(click to enlarge)

Here you can see it pointing out [1] where the object was allocated [2] the branch it took and [3] the point where you leaked it. Pretty neat. It tries to follow every possible branch finding paths where you may have leaked an object. It also finds what it calls “dead stores” (when you assign a value to a variable but never use it again) and missing dealloc methods

As the project page says, it is very early in development. You’ll find that it does turn up a lot of false positives, especially with the missing deallocs. False positives for memory leaks seem to occur when you release something in a different scope than where you created it. For instance, I have this chunk of Apple code that wraps CFRelease() with it’s own function that checks for NULL first. The checker complained about this every time. Nonetheless, it did turn up some real leaks for me.

Aside from reducing the number of false positives, I’d also like to see the entries grouped by source file (it’s annoying jumping around between files) as well as some way to bring up the original source file by clicking on its name in the source code view. You will also see multiple entries for the same leak when the code traverses multiple paths that end up with the same leak which can be annoying.

In any case, I recommend downloading it and giving it a try. I’m not sure how thorough it is (i.e. whether it can supplant running your program through MallocDebug/Instruments/leaks) but it makes a great additional tool to add to your arsenal. Chances are it will look at some code path that you don’t test. Oh, and a couple tips:

  • Make sure you do a clean build on your project first. The checker only runs on files that would normally be compiled (it sits in as your compiler). If your project is already built, then no files will be compiled/analyzed.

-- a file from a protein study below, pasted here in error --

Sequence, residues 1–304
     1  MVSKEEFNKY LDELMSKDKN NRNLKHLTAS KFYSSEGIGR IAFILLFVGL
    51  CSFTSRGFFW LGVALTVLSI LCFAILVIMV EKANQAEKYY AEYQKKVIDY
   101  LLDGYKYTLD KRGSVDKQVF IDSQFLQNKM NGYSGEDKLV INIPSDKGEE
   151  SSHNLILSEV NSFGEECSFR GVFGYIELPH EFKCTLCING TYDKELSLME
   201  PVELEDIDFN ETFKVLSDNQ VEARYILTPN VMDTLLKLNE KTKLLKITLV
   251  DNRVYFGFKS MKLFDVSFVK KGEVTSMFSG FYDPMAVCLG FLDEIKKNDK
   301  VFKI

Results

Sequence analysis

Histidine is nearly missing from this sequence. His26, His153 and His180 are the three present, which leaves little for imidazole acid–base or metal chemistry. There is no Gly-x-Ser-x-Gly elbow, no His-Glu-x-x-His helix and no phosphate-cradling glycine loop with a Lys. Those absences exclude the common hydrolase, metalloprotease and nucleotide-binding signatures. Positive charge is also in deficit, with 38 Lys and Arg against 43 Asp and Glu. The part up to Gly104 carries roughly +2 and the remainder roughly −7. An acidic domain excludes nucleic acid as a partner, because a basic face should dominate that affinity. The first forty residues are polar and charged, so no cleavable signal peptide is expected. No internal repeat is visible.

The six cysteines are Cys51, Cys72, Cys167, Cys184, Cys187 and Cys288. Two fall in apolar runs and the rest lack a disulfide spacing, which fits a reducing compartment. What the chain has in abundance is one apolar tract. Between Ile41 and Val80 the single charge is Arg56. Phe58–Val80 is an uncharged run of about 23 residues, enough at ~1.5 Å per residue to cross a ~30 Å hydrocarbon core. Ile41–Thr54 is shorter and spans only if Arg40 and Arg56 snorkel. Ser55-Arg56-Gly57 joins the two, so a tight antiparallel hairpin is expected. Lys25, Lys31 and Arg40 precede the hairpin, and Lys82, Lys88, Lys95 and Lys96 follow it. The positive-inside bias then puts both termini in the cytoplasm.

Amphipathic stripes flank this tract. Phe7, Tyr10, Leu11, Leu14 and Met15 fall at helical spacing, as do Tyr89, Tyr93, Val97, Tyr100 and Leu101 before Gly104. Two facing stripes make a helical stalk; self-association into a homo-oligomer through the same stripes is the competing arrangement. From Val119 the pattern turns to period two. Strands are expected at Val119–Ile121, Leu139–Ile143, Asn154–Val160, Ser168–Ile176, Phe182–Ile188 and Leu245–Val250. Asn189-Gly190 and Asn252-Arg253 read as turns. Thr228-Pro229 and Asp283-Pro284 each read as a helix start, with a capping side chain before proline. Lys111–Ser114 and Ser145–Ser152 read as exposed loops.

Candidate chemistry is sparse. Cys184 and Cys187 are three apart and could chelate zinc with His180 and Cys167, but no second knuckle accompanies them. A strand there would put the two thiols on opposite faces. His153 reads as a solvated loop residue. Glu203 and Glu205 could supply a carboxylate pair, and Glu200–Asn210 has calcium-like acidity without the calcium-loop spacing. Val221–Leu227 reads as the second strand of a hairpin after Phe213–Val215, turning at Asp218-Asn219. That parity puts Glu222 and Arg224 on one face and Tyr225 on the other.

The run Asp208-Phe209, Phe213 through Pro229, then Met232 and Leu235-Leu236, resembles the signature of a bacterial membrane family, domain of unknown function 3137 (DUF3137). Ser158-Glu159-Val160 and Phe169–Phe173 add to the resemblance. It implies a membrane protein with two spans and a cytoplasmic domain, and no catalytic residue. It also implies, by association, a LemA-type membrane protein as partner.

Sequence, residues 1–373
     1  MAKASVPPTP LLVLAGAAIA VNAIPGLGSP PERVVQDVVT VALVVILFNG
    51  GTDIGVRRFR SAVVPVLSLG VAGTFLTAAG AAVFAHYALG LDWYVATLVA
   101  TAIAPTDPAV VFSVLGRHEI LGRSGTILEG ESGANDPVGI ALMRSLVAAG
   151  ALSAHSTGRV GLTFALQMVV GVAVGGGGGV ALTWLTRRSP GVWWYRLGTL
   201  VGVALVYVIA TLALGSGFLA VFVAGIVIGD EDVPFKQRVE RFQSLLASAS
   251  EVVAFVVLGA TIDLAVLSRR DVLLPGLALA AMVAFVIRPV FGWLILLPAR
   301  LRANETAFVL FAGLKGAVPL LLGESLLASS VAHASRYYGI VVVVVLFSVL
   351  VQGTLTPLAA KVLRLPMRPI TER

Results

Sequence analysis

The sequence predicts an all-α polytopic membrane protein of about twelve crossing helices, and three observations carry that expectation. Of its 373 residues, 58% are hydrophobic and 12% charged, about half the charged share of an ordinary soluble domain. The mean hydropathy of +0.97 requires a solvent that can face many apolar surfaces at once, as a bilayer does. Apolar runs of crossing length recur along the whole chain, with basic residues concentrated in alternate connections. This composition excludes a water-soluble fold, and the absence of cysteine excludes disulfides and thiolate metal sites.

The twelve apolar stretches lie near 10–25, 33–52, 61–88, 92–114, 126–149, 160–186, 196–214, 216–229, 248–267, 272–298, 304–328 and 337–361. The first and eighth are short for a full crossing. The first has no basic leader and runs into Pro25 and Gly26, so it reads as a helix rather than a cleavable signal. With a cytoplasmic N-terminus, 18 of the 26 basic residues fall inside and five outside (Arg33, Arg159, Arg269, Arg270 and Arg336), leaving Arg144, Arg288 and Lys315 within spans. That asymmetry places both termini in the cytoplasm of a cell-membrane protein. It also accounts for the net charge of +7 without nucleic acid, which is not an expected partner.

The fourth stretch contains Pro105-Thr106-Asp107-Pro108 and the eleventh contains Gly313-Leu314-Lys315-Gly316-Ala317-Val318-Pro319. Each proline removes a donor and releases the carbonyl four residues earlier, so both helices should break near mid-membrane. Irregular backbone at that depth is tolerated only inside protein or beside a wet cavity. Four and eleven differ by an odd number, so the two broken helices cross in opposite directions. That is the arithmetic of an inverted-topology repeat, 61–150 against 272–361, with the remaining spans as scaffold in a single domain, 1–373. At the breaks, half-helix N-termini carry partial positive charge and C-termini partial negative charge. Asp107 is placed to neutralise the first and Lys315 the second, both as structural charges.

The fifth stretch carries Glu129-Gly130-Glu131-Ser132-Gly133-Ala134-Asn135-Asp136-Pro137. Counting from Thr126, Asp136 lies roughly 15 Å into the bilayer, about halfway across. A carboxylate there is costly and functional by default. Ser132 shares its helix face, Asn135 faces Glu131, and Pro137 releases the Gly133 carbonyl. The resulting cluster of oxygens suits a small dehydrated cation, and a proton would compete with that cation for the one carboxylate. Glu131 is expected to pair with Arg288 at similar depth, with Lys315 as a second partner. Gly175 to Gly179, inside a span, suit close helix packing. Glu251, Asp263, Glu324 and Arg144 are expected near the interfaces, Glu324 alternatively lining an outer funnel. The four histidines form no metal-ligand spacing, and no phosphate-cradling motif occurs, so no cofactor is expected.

• Use the -V option, which will pop open a browser with the analysis page when done. Normally, it sticks the files somewhere under /tmp but only shows the actual path when you start the run. Needless to say, that bit of text scrolls off pretty quickly.
  • While the tool does come up with false positives, you’ll find that sometimes it finds something subtle that you may blow off as a false positive on first glance. Make sure you understand what it is flagging, even if it ends up being wrong.

I haven’t used it with a garbage collected program so I don’t know if it uses different techniques in such a case or is just plain unnecessary. Maybe the dead store detection becomes more important. Reports from anyone using this with GC are welcome.

3 comments » | Debugging, Programming, Software, Tools

Hazel 2.2

July 7th, 2008 — 3:04pm

Yes, it’s finally out. Hazel 2.2 is what I consider the “power user” release. It adds advanced features such as pattern matching and custom tokens (basically, a more accessible form of regular expression matching and substitution, for you programmer types out there), inline scripts and ways for AppleScripts to control the rule flow. There are a bunch of smaller things tucked away in there, some of them subtle in their own ways. Make sure to read the release notes.

Thanks to all the beta testers who found all the bugs there were to find (you guys did find them all, right?) and all the users who have sent in the great comments that motivate me to keep working on this thing. Download it and give it a spin.

As for the future, I’m thinking of 3.0 though I’m not sure what will be in it yet or when it will happen. I also have been mulling over other projects so we’ll see. In the meantime, I look forward to your comments.

Comment » | Hazel, Noodlesoft, Software